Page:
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Spot and avoid scams involving diabetes supplies

Free diabetes supplies are always welcome, right? That's what scammers are counting on. If you get a call out of the blue from someone who wants to send you free items in exchange for personal or financial information, you are talking to a scam artist.

Watch out for this phone scam about diabetes supplies

The Office of the Inspector General has alerted diabetes patients to a new scam that seeks to obtain your Medicare information in order to send you 'free' Medicare supplies. They promise to send the supplies and in exchange, they request your Medicare or financial information, or ask you to confirm information they already have. They might even send you items that you never requested or authorized.

This scam is especially sinister in that it targets the elderly and obtains information that could be used for many nefarious purposes. "It is important to note that the federal government still uses people's Social Security number as their Medicare number despite the fact that this practice facilitates identity theft," warned Steven Weisman, a Senior Lecturer, Law, Taxation, and Financial Planning at Bentley University and the author of The Truth About Avoiding Scams.

What can you do if you get this call?

"You should always remember that Medicare will not call offering free supplies," Weisman said. "You also should never give out personal information on the phone to anyone you have not called or are not totally convinced are legitimate."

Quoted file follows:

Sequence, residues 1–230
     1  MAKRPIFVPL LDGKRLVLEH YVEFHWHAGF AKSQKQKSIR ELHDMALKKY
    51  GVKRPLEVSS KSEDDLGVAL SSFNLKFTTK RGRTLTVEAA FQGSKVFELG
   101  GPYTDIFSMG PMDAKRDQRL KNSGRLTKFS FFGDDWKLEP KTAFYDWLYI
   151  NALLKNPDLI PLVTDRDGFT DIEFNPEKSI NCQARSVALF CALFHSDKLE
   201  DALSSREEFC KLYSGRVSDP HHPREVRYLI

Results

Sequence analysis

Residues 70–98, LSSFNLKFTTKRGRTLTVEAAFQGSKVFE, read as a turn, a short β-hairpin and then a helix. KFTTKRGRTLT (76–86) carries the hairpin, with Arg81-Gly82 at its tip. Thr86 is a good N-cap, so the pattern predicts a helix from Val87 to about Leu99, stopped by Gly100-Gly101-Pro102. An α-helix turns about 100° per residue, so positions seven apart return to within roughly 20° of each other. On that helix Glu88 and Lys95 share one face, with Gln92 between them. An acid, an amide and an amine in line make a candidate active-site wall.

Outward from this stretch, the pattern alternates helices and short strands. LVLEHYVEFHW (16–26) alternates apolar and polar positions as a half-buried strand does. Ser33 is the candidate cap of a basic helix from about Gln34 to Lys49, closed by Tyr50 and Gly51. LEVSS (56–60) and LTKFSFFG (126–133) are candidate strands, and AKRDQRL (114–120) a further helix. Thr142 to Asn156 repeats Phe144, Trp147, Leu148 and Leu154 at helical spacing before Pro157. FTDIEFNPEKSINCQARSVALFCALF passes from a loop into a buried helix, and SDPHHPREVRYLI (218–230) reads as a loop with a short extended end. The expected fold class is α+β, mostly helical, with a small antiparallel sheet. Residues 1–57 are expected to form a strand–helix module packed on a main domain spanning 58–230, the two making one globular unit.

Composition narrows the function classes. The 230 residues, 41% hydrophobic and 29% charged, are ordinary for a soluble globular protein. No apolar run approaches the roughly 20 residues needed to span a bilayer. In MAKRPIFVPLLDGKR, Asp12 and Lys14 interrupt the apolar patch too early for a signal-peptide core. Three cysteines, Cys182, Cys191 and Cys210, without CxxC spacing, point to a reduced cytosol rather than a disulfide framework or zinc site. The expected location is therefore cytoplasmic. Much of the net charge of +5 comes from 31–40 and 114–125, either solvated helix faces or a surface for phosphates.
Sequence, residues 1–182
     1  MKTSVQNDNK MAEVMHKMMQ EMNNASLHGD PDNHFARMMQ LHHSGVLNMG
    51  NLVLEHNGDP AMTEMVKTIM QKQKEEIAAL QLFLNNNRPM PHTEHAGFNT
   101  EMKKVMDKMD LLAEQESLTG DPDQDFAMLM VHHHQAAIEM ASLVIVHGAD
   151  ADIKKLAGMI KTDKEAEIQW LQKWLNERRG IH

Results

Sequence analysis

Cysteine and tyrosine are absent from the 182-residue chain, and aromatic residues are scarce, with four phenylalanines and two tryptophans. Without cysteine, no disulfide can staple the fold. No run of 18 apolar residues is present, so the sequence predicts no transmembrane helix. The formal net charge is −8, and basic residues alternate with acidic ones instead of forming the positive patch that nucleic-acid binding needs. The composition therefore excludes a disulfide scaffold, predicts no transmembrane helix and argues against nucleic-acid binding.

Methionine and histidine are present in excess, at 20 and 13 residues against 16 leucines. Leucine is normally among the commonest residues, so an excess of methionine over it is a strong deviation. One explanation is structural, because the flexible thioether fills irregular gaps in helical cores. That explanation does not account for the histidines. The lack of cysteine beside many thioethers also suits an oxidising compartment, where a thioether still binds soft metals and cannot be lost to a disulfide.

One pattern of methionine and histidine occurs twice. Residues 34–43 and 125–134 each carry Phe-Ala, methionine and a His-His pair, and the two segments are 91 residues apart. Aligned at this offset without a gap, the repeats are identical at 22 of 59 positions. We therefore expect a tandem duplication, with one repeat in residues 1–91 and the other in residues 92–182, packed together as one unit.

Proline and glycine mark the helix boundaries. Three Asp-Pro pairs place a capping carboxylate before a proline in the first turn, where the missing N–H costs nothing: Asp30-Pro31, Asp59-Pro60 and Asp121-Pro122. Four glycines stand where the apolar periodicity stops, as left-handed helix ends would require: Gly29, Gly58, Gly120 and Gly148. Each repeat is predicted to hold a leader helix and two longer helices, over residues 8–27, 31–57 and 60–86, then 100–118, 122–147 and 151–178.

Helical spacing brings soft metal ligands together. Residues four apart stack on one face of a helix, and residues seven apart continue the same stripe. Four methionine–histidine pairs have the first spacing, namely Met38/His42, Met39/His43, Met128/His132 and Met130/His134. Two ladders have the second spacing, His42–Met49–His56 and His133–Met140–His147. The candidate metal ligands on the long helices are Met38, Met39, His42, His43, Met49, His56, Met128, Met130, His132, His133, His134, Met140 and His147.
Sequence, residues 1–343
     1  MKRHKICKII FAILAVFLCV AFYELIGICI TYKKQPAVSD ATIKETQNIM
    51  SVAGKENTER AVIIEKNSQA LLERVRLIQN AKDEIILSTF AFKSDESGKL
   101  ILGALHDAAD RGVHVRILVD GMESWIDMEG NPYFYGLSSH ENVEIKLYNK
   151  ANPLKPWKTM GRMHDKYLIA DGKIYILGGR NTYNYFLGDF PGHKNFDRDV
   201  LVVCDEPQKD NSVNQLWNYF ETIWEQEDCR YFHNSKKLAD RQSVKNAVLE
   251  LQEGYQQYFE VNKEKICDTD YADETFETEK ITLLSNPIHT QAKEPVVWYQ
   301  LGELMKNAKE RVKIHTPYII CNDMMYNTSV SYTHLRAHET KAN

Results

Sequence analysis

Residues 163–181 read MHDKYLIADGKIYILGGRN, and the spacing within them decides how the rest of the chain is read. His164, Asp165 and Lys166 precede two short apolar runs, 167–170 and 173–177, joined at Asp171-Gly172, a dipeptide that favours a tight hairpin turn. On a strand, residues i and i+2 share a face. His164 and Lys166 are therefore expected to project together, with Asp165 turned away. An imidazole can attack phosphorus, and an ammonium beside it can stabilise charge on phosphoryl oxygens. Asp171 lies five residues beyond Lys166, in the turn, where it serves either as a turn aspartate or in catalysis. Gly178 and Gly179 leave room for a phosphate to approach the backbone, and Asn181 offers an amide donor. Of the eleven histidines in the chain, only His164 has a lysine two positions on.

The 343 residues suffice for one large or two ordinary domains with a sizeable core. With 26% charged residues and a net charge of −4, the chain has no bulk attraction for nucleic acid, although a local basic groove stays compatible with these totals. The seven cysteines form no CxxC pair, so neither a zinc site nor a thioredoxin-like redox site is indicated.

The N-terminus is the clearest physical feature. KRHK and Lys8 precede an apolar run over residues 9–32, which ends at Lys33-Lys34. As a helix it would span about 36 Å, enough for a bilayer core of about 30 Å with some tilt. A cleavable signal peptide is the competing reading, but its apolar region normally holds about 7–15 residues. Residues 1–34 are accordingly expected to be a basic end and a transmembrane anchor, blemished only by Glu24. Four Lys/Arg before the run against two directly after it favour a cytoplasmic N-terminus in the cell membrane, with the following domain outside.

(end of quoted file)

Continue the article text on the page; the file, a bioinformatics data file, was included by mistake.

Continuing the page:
The Office of the Inspector General recommends the following action if you get a call asking for personal information in order to obtain "free" diabetes supplies:

  1. Do not reveal or confirm personal information.
  2. Report the call to law enforcement. Provide as much information about the call as possible.
  3. Look for anything out of the ordinary on your Medicare bills and summaries.
  4. Do not accept any items that you did not order. Record the sender's information, then send the items back. Contact the Office of the Inspector General with this information.

What if you have already fallen into the trap?

"People who suspect that they might have been scammed should regularly and carefully check their Medicare Summary Notice and make sure that there are no charges on their 'free' items," Weisman advised. "It is important to continually check your Medicare Summary Notices because scammers may make multiple charges."

If you find something odd on your Medicare Summary Notice, immediately report the problem to your health care provider and the Office of the Inspector General at 800-HHS-TIPS. You can also do this online at www.OIG.HHS.gov/fraud/hotline.

What if they had a more sinister reason for obtaining your social security number? "You should also be concerned about identity theft. so it would make sense to put a credit freeze on your credit report with each of the three major credit reporting agencies," Weisman said. "This will effectively lock up access to your credit unless you authorize it."

Finally, remember that no matter how friendly and honest the person on the other end of the line seems to be, don't buy into the hype. "If it sounds too good to be true, it usually is," Weisman said.

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